Muscle Mass and Aging

None of us like the thought of the loss of muscle strength that may come with aging. Is there something we can do to keep that issue at bay? Many seniors in the U.S. tend to eat most of their protein for lunch and dinner, but adding protein to breakfast may be a simple diet change that results in the added benefit of increased muscle strength!

A recent study in The American Journal of Clinical Nutrition showed that spreading protein equally among the three daily meals could be linked to greater muscle mass and strength in the elderly. Since every tissue in the body is made up of protein, it would make sense that an increase in protein consumption would also then cause an increase in muscle mass and vice versa, as muscles are also composed of proteins. With this in mind, the team of researchers studied the effect of protein consumption on the strength, muscle mass and mobility of 1,800 people from Quebec ages 6-84 over a 3 year period.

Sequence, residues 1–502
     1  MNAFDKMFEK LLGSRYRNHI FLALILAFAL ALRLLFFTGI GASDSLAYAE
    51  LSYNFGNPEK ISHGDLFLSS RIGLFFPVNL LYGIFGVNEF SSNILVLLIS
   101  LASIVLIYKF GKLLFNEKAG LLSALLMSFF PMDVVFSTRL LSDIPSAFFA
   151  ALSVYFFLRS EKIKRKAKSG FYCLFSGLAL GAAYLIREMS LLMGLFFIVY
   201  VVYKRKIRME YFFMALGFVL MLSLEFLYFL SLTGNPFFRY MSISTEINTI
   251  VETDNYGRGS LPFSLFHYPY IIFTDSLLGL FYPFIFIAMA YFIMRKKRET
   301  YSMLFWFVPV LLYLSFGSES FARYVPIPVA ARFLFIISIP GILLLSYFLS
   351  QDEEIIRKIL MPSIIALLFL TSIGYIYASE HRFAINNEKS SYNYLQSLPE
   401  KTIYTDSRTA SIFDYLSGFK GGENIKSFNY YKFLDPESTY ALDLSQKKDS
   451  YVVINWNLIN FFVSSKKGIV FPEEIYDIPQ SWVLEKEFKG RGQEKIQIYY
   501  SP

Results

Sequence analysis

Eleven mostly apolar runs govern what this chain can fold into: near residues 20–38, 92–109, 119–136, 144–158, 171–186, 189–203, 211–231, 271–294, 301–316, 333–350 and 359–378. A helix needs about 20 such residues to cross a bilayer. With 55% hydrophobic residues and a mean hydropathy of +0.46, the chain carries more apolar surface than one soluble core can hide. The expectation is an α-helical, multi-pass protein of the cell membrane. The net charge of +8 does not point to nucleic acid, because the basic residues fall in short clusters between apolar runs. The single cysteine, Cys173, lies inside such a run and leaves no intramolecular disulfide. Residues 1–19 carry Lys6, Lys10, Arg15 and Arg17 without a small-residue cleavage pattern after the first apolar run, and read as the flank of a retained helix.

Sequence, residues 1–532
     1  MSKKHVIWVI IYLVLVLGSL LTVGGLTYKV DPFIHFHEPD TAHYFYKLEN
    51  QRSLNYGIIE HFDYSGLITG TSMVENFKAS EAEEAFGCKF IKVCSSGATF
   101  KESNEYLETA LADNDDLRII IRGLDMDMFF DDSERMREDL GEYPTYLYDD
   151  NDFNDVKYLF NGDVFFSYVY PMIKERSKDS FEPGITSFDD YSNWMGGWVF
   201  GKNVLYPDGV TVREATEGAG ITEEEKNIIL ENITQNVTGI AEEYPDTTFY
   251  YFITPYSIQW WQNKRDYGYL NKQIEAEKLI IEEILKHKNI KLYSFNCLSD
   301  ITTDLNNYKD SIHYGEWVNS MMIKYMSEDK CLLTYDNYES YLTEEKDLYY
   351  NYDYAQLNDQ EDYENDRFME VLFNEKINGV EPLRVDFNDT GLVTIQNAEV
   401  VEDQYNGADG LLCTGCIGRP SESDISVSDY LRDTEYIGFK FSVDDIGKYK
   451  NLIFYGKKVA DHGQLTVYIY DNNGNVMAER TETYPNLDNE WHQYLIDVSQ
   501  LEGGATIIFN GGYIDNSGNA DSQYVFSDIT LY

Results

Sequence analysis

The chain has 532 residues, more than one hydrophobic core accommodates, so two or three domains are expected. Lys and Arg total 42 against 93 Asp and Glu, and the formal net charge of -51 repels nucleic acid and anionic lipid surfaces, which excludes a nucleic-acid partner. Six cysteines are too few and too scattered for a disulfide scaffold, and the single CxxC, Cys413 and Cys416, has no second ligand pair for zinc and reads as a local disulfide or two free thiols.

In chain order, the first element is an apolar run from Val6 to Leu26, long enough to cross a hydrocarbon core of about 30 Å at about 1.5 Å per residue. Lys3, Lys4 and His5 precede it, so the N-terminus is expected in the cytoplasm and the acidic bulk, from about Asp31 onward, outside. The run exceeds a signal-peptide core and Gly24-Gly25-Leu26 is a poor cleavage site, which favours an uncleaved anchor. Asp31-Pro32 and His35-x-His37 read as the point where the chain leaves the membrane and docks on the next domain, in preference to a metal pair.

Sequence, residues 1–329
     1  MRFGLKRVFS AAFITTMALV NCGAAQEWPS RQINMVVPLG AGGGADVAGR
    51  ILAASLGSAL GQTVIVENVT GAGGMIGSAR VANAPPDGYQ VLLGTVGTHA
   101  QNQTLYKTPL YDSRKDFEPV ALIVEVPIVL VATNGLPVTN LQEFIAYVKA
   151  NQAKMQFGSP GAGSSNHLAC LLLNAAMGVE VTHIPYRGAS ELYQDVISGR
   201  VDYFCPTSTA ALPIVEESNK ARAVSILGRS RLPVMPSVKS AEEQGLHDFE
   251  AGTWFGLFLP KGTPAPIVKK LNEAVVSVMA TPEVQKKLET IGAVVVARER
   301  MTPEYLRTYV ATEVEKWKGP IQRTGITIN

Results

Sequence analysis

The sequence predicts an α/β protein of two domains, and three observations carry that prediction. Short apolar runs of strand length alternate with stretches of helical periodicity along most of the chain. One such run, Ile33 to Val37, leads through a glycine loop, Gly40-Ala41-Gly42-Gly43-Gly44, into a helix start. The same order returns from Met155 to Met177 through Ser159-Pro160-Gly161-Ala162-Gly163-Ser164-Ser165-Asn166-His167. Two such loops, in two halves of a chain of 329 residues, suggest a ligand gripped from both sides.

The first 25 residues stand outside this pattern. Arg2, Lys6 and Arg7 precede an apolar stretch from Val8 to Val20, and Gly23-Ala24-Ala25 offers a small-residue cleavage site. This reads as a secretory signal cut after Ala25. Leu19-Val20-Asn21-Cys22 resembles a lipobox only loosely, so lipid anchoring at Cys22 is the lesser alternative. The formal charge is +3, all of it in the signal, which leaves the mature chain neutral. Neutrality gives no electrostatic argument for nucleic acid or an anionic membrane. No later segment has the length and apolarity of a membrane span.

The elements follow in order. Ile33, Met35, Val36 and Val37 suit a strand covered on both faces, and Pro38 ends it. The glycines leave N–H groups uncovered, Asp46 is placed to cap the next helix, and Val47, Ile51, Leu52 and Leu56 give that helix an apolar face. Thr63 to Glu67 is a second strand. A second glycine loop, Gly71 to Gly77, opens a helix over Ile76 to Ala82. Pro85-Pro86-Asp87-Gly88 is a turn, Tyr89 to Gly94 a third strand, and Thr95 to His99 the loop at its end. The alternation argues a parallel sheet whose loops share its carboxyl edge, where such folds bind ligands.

“We observed that participants of both sexes who consumed protein in a balanced way during the day had more muscle strength than those who consumed more during the evening meal and less at breakfast. However, the distribution of protein throughout the day was not associated with their mobility,” explains an author of the study, Dr. Samaneh Farsijani.

Although the results demonstrated an increase in muscle strength, but no improvement in mobility, more investigation needs to be done to show whether physical function is improved by the increase of protein in the diet. In the meantime, it sure sounds like added muscle strength is another really good reason to consume protein throughout the day and to not skip it at breakfast.